Sunrise & sunset. Some sites will stipulate the motorhome faces a certain way on the pitch. If it’s your call, then think which side of the van your habitation door is and work out where the sun will be when you’re enjoying your breakfast or teatime beer.

beginnersguidetomotorhoming S6 6

Open or closed pitch? Hedges or walls can form great windbreaks on an exposed site.

beginnersguidetomotorhoming S6 7

Tree cover? A bit of tree shade is brilliant in warmer conditions, but the grass is often poor because it’s protected from the rain, and birds and squirrels will deposit all manner of detritus onto the roof of your motorhome. Also, trees will continue to drip long after a shower has passed.

beginnersguidetomotorhoming S6 7

Check surrounding water. Rainwater has to go somewhere, so try to make sure it won’t travel under your motorhome on its way. This is particularly important if you are using an awning.

When you arrive at a site there are a number of things to consider, particularly if it’s your first time. From which pitch to choose to hard or soft standing, we discuss a few things to consider in this video.

Before you get to your pitch

Once you have finished with the warden at reception and before you drive onto your pitch, there are a couple of jobs that you may need to take care of.

beginnersguidetomotorhoming S6 7.1

Water - now is a good time to fill up your water tank. You can fill from the outside or from the inside, as we prefer (pictured), to keep an eye on the level.

beginnersguidetomotorhoming S6 7.2

Grey waste disposal - if you have created some waste during your journey now is a good opportunity to expel it from the van. Park the motorhome so that the grey waste pipe is directly above a designated drain and empty.

With the motorhome in place, what else do you need to do?

beginnersguidetomotorhoming S2 8

1. If you’re using an electric hook-up, connect the cable between your motorhome and the electrical hook-up bollard on your pitch – for safety, plug the cable into the motorhome first, then the bollard.

beginnersguidetomotorhoming S2 2

2. Turn on the gas. Turn the valve anti-clockwise, then press the large green button followed by the small green button. This will allow the gas to flow into the manifolds switches (see next step) and then into your applicances. When you leave the site, you just need to turn the valve off by turning it anti-clockwise.

beginnersguidetomotorhoming S6 7.5

3. Turn on the manifolds that control the four main appliances in the motorhome, ensuring all switches have been turned on. The switches are on when they are in the horizontal position.

beginnersguidetomotorhoming S2 2

4. Turn on the electrics control panel and make sure the pump is on as well. When turning on the water pump, keep the hot tap open until you get a steady flow.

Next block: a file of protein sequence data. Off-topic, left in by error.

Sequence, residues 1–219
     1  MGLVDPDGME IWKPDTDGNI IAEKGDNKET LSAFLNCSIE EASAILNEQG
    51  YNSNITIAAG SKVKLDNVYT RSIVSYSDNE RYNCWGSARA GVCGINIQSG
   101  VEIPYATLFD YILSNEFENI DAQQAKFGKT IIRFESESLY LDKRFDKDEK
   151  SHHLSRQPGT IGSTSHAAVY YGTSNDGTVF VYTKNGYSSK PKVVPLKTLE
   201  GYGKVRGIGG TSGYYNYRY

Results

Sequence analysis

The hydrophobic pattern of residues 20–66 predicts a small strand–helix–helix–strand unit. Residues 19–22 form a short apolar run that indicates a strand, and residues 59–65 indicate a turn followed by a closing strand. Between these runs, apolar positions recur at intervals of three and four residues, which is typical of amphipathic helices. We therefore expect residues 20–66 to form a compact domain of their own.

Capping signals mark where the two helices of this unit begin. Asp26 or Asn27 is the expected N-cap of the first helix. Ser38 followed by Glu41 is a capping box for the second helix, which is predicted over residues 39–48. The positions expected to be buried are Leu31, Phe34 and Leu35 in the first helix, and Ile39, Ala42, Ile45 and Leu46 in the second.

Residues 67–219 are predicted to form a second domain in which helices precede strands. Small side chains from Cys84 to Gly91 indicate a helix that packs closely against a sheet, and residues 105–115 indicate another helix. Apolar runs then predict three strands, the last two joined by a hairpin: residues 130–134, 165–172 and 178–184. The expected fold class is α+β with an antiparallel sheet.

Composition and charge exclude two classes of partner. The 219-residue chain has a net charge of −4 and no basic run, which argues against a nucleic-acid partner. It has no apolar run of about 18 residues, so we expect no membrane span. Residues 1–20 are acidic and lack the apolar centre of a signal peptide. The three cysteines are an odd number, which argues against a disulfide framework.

beginnersguidetomotorhoming S2 9
beginnersguidetomotorhoming S2 9

5. Choose whether you want your fridge to be on GAS or ELECTRIC using the fridge dial. There are 4 icons on the fridge dial:  OFF, ELECTRIC, LEISURE BATTERY and GAS. (Tip: When going on a day trip, switch your fridge on the day before to give it time to chill ).

To use gas, switch to the GAS icon, then push in and turn the thermostat dial to full, and continue to hold the dial in. Start continually pressing the gas ignition button for 15 seconds until the red line on the ignition gauge has moved over to the right. You can then release the thermostat dial and turn it to where you want your gas level to be - the higher the gas, the colder the fridge will be.

beginnersguidetomotorhoming S2 2

6. Turn on the water heater and habitation heating if required. The heating panel will typically show specific items. With our Truma system we use a dial to scroll across 4 icons (heater, water heater, electric or gas, fan speed) and click the dial to choose the desired setting.

beginnersguidetomotorhoming S2 2

7. Add the toilet chemicals. You'll generally need pink for the flush and blue/green for the waste tank.

The Overnighters

Packing the essentials and payload

If you’re a hard-core boy/girl scout, you may be happy with one mug, one plate and a Swiss army knife. Most of us though like a little more luxury; it is a motor HOME after all.

Let’s assume that everyone knows how to pack their clothes and their toiletries. All we would add is don’t over-pack. You’ll be surprised how little you need for a few days away. And, as we always say to our teenage daughter, "it’s not a fashion parade!"

beginnersguidetomotorhoming S5 1
beginnersguidetomotorhoming S5 2

Again, with food, we are not going to tell you what and how to eat. Our only tip is to not be too set with your dinner plans. One of the joys of touring is finding quality local produce to cook in the van that night. And that’s before you catch the waft of a full English or Sunday roast as you pass the local pub.

You don’t want to be throwing food away and we tend to have plenty of cupboard food with a long shelf life at the ready, just in case.

In all other departments, it’s about finding more ways to make your motorhoming life as easy as possible.

Here’s a very simple (but far from definitive) checklist:

 

Simple kit checklist
1. Kitchen equipment including pots, pans, cutlery, crockery, plastic glasses, sharp knives and scissors, colander
2. Road safety equipment – warning triangles, hi-visibility vests, jacks etc.
3. Maps/GPS
4. External equipment – Water hose, electrical cable, adapters for hooking up to mains electricity and levelling blocks